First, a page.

33. ^ a b Gubash, Charlene; Salam, Yasmine; Duchon, Richie (29 March 2021). "Suez Canal reopened after giant cargo ship successfully refloated". NBC News. Raf Sanchez, Caroline Radnofsky, The Associated Press, and Reuters contributed. Suez, Egypt: NBC Universal. Archived from the original on 29 March 2021. Retrieved 29 March 2021.
  34. ^ "Canal service provider says container ship in Suez set free". AP NEWS. 29 March 2021. Archived from the original on 29 March 2021. Retrieved 29 March 2021.
  35. ^ "Traffic in Suez Canal resumes after stranded ship refloated - Business and Economy News". Al Jazeera. 29 March 2021. Archived from the original on 29 March 2021. Retrieved 29 March 2021. The ship came out intact and it has no problems. We’ve just searched the bottom and soil of the Suez Canal and thankfully it is sound and has no issues, and ships will pass through it today
  36. ^ "Egypt 'seizes' ship that blocked Suez Canal, demands nearly $1 billion compensation". TheJournal.ie. Agence France-Presse. 13 April 2021. Retrieved 13 April 2021.
  37. ^ ""Ever Given"-Eigentümer einigen sich mit Suezkanal-Behörde" ["Ever Given" owners reach an agreement with Suez Canal authorities]. www.spiegel.de (in German). Der Spiegel. 4 July 2021. Retrieved 4 July 2021.
  38. ^ "Evergreen releases slow-sailing Ever Given's port call itinerary". theloadstar.com. 16 July 2021. Retrieved 18 July 2021.
  39. ^ "Suez Canal officials release Ever Given ship after settlement". Deutsche Welle. 7 July 2021. Retrieved 7 July 2021.
  40. ^ "The Ever Given Ship Departs Egypt". Al Mayadeen. 13 July 2021.
  41. ^ "Ever Given Departs Suez Canal". The Maritime Executive.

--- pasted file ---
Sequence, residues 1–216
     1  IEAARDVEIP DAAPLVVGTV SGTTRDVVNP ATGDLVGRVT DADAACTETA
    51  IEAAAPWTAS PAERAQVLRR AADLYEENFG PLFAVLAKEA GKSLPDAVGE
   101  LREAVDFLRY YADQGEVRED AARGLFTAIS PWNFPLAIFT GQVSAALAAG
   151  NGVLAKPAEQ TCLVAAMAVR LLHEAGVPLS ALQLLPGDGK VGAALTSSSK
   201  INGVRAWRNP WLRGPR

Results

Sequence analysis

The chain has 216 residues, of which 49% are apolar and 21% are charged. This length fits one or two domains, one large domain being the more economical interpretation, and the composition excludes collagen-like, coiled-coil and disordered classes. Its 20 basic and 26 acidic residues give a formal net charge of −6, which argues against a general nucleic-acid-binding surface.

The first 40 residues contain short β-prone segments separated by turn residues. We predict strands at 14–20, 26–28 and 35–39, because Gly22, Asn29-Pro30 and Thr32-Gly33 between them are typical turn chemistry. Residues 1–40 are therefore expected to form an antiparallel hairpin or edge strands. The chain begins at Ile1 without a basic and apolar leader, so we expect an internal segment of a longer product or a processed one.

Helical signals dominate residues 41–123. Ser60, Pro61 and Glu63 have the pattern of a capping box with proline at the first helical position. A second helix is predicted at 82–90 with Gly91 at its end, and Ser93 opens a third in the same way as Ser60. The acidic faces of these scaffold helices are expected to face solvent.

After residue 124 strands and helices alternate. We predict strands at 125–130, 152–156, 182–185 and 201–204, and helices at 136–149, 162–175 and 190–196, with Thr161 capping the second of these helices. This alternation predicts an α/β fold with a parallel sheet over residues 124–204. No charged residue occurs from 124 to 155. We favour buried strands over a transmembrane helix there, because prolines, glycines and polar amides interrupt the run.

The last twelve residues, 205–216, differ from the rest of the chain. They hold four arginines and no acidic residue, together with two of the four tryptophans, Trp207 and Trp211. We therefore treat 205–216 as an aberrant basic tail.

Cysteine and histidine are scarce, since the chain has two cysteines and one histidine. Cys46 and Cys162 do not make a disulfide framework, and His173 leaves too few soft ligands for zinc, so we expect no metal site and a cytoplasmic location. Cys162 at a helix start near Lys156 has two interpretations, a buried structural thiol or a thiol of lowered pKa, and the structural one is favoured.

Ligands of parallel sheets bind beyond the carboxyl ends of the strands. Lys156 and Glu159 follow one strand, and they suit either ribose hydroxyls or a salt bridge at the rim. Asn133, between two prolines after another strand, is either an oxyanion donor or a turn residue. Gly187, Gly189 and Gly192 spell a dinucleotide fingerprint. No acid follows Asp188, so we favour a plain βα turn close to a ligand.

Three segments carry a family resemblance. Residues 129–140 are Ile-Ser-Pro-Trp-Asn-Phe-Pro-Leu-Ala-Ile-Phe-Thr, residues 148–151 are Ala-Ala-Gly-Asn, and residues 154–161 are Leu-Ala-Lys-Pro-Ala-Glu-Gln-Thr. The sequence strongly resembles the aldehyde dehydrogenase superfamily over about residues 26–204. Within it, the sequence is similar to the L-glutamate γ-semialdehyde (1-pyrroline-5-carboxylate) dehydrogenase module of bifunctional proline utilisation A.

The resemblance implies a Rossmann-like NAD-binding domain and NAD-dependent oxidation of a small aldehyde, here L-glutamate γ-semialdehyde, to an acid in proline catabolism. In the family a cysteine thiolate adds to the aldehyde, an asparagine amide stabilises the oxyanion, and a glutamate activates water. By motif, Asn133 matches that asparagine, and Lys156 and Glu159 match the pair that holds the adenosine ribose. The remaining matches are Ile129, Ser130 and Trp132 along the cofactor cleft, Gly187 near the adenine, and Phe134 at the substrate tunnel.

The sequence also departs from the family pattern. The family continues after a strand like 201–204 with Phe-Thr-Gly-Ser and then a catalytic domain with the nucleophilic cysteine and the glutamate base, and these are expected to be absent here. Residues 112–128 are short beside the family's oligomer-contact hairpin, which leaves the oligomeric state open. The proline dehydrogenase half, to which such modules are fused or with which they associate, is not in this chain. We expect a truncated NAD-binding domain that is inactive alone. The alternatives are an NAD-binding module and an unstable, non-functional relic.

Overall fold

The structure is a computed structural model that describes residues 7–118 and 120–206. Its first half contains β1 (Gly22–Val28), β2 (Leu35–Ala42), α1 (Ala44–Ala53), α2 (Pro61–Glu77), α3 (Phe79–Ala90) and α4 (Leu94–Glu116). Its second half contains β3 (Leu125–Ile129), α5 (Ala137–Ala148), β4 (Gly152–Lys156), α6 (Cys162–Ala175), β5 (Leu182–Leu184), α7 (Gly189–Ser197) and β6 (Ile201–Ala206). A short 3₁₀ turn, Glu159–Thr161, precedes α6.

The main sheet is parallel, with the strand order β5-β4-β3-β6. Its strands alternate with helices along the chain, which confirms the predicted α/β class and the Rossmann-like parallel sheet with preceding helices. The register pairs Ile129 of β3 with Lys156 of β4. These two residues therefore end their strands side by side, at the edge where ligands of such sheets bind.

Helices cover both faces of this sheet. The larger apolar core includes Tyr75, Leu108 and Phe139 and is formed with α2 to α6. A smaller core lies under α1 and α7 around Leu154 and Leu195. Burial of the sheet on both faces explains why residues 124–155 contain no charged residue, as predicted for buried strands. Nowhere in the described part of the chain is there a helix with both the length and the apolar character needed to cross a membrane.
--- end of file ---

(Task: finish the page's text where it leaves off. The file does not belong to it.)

42. ^ Chambers, Sam. "Ever Given undergoing inspection at Port Said". Splash 247. Retrieved 12 July 2021.
  43. ^ Faucon, Benoit (29 July 2021). "Ever Given, the Ship That Blocked the Suez, Makes It to Port". Wall Street Journal. ISSN 0099-9660. Retrieved 29 July 2021.
  44. ^ "Ever Given - Container vessel that blocked Suez Canal reaches Rotterdam". Biznorm. Retrieved 29 July 2021.
  45. ^ "Container vessel that blocked Suez Canal reaches Rotterdam". AP NEWS. 29 July 2021. Retrieved 29 July 2021.
  46. ^ Faucon, Benoit (30 July 2021). "The Ever Given, Fresh From Suez, Becomes a Tourist Attraction". Wall Street Journal.
  47. ^ Chambers, Sam (20 July 2021). "Ever Given will need repairs". Splash.
  48. ^ "Ever Given: Container Ship, IMO 9811000". Vessel Finder. Archived 18:02 UTC 3 August 2021.
  49. ^ "Leask Marine attain American Bureau of Shipping approved service supplier accreditation"Leask Marine Ltd, C-Fenna and C-Force
  50. ^ "Ever Given: Container Ship, IMO 9811000". Vessel Finder. Archived 16:20 UTC 7 August 2021.
  51. ^ Hall, Madison (19 August 2021). "The Ever Given container ship is traveling back through the Suez Canal 4 months after beaching itself in the waterway and jamming global shipping traffic". Insider.Com. Retrieved 19 August 2021.
  52. ^ Michael, Chris (20 August 2021). "Container ship Ever Given returns to Suez canal for another attempt". The Guardian. Retrieved 20 August 2021.
  53. ^ "EVER GIVEN successfully passed through Egypt's Suez Canal in its return journey: Admiral Osama Rabie". Egypt Today. 20 August 2021. Retrieved 20 August 2021.
  54. ^ Chambers, Sam (23 August 2021). "Ever Given heads to Qingdao for repairs". Splash247.com. Retrieved 6 September 2021.
  55. ^ "Ever Given," "Ups she does it again," Timsen on vesseltracker.com. Archived 20 August 2021.
  56. ^ Li, Ziheng (4 October 2021). "China Ever Given". The Daily Reflector. Retrieved 11 October 2021.
  57. ^ "Ever Given, IMO=9811000" on vesselfinder.com[1] retrieved 23 October 2021. Navionics map shows last AIS on 17 October 2021 at 0956 UTC, at 35.99923° N 120.27804° E at a location labeled dry dock

External linksEdit